Purdue research lab, startup awarded NIH grant to advance autism technology innovation
WEST LAFAYETTE, Ind. – Federal funding will help advance a Purdue University autism technology that helps communication and language development for children and families affected by severe, nonverbal autism and other communicative challenges.
SPEAK MODalities, a startup commercializing the autism technology apps SPEAKall!® and SPEAKmore!Ô, and the Purdue University Augmentative and Alternative Communication Laboratory received $152,599 in a one-year Small Business Innovation Research, or SBIR, Phase 1 grant through the National Institutes of Health — National Institute on Deafness and Other Communication Disorders, with another $50,000 in matching funds from the Indiana Economic Development Corporation and Elevate Ventures. The SBIR program is a competitive awards-based mechanism that supports small businesses in research and development activities to fully explore their commercial and technological potential.
The SPEAKall! application has been downloaded more than 32,500 times and is used by seven augmentative and alternative communication centers and 14 speech and language clinics across the globe. The funding will enable further development of SPEAKmore! and related mobile technologies for advanced speech and language training and progress tracking in children with minimal verbal communication skills. It is estimated that up to 66 percent of the 2 million individuals diagnosed with autism are initially non-verbal and do not develop sufficient speech and language to meet daily communication needs. A video about the company can be viewed at https://www.youtube.com/watch?v=JAVRqsdgReY.
"There are so many challenges that children and families face when managing the various autism symptoms and I believe an inability to engage in communication and learn language is one of the most frustrating because it limits participation in educational and social environments. That makes it difficult for parents and caregivers to provide urgently needed assistance and instruction," said Oliver Wendt, co-founder of SPEAK MODalities and Purdue assistant professor of speech, language, and hearing sciences and educational studies. "The SPEAKall! app has made a tremendous improvement in establishing functional communication and emerging speech and language for children and adults on the autism spectrum, but we need to do more. The generous funding from the NIH, and the state of Indiana through Elevate Ventures, will provide us with the resources we need to advance new integrated technologies to help these individuals go beyond constructing simple sentences, grow their vocabulary and learn new language concepts and communicative functions."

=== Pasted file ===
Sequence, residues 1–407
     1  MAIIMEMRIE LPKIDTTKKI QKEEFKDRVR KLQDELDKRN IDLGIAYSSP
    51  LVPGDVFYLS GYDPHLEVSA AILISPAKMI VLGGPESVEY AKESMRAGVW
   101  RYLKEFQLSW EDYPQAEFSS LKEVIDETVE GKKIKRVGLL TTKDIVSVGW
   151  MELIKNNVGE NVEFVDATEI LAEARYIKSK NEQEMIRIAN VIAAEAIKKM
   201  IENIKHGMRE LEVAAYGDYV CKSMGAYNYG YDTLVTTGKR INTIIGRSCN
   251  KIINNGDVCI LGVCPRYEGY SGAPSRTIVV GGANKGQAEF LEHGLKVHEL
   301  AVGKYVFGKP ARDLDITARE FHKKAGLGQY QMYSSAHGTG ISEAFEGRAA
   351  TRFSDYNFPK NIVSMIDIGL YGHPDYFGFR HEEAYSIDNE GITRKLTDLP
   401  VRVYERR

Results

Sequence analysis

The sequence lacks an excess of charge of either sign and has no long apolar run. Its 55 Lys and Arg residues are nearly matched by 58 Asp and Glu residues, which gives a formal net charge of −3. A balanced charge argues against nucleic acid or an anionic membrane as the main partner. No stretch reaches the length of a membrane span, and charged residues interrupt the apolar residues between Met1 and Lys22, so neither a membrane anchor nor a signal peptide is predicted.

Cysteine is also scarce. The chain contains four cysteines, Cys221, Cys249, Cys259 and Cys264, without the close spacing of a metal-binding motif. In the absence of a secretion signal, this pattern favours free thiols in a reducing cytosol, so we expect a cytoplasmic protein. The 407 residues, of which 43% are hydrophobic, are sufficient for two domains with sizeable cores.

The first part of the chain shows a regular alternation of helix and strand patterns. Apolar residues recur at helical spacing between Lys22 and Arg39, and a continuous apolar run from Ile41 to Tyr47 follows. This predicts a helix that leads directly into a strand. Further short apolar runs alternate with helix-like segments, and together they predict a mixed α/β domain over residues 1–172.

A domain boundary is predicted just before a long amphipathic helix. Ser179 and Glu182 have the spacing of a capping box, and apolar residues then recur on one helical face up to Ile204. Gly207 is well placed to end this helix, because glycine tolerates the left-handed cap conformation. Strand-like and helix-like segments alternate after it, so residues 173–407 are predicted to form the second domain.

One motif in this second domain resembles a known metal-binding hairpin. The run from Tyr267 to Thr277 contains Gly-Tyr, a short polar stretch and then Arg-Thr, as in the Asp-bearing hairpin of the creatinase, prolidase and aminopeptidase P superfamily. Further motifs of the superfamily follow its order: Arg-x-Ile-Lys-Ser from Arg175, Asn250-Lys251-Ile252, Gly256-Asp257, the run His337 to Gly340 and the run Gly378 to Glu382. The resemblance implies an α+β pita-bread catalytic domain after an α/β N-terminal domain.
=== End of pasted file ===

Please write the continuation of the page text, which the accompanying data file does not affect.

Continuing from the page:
The funding will be used to prove technical and clinical feasibility of three new integrated technologies for language learning through augmentative and alternative communication.
"The clinical research process provided through the SBIR award enables us to expedite the move of these new mobile technologies to the public and provide a novel set of intervention tools to help children and families with communication challenges," said Michael Zentner, co-founder and CEO of SPEAK MODalities. "We believe the technology will help individuals produce more complex sentences and generalize newly learned language concepts that go well beyond what is currently available."
SPEAK MODalities recently announced an agreement with Sonzia, a manufacturer of uniquely accessible touch screen devices for individuals with special needs, to provide the SPEAKall! and SPEAKmore! apps pre-installed on a large touch-screen learning platform.
"The touch-screen platform allows children to interact more easily and learn together and that increases their social interaction skills, which is very important for their overall growth and participations in society," said Diana Hancock, co-founder of SPEAK MODalities and commercialization director of information technology at Purdue University.
Earlier this year, SPEAK MODalities received a Certificate of Recognition from the state of Indiana for making a critical impact on the lives of Indiana families affected by autism. SPEAK MODalities also received the 2015 Best of Education Tech Mira Award from the Indiana TechPoint initiative and placed second in the 2015 Purdue InnovateHER competition. Wendt was awarded the "2015 Outstanding Research of the Year" award by the Autism Society. The company won the International 2014 GAIN-TEN Business Pitch Challenge, an award for startups that have the potential to make an impact on both sides of the Atlantic. In 2013, the SPEAKall! application was recognized with the Focus Award for outstanding contribution to the furthering of Purdue's commitment to disability accessibility.
The SPEAKall! and SPEAKmore! technologies are patented and licensed through the Purdue Research Foundation Office of Technology Commercialization. SPEAK MODalities receives entrepreneurial assistance through the Purdue Foundry, a startup support center based in Discovery Park's Burton D. Morgan Center for Entrepreneurship, and Wendt has participated as a scholar in the Purdue Entrepreneurial Leadership Academy.